Ask the Vet: Xylitol Artificial Sweetener Toxic to Dogs
Q: Hercules, the dog I recently adopted, needs to take medicine that isn't available as a chewable tablet. May I hide his pills in peanut butter and give them that way?
A: Yes, provided you use peanut butter that is free of xylitol, an artificial sweetener found in many products.
Xylitol poisons dogs two ways: It induces liver failure, and it releases insulin, which lowers blood sugar levels enough to cause loss of coordination, seizures and death. There is no specific antidote, but immediate veterinary care is often successful at saving the dog's life.
As you might expect, sugar-free gums and candies often contain xylitol. Some chocolate candies contain xylitol, though it's not always listed on the label.
Many baked goods contain large amounts of xylitol, which home bakers can buy in bulk, along with xylitol cookbooks. Vegan alternatives to many foods, including honey and barbecue sauce, contain this artificial sweetener.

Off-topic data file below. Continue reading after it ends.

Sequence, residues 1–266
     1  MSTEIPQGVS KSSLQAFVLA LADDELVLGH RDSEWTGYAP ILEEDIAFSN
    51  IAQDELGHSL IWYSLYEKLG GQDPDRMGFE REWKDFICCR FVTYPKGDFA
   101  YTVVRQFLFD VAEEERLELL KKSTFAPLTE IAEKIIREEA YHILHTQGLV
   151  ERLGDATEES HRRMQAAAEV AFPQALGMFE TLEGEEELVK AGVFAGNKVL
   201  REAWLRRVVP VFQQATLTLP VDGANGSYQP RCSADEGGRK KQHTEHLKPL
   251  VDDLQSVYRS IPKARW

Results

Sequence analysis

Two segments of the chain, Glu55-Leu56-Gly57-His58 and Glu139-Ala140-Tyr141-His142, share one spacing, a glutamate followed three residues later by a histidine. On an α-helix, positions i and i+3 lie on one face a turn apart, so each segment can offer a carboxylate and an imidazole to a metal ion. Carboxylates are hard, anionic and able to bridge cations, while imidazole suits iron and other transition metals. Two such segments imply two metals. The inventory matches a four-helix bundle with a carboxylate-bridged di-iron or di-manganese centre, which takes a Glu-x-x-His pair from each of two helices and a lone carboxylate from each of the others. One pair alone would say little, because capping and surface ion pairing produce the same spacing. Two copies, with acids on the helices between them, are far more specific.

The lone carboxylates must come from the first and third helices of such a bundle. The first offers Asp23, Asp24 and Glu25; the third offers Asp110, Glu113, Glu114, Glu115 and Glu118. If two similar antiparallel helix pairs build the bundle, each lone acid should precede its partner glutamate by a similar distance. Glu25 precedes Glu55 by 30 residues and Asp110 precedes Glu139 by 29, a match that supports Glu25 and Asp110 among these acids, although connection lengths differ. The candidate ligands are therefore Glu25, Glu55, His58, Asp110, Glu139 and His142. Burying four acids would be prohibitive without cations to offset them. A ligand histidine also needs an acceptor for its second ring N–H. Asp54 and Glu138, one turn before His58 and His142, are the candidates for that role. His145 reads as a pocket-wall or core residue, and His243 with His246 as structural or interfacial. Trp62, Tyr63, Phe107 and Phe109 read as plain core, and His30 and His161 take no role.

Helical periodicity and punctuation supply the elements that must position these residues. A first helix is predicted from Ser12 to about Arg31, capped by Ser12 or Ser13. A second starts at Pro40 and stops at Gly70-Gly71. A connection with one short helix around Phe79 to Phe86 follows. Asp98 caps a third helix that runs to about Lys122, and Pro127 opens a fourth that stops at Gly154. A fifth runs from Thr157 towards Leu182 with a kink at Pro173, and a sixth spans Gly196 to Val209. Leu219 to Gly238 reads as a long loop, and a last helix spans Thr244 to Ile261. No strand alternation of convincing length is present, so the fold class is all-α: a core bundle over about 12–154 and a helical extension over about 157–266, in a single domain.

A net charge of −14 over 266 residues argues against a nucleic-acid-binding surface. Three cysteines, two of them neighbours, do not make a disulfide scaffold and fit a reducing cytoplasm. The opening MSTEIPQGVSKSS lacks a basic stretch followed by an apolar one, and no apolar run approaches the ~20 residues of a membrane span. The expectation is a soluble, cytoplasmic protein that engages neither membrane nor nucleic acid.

Xylitol is an ingredient in many vitamin-mineral and other supplements, especially gummy products, as well as over-the-counter and prescription medications. Because it prevents tooth decay, xylitol is used in toothpaste, mouthwash and mints for dry mouth.
Surprisingly, xylitol is a component of some T-shirts and other clothing. When it's in contact with sweat or other moisture, it transforms into a cooling agent. The toxic risk in clothing is minimal, though, as most dogs are unlikely to eat a shirt.
For reasons that are unclear, xylitol is not toxic to cats or ferrets.
If you find peanut butter too messy, you can hide Hercules' pills in a meatball of canned dog food and dose him that way.
Remember to read labels, and keep all xylitol-containing products away from dogs.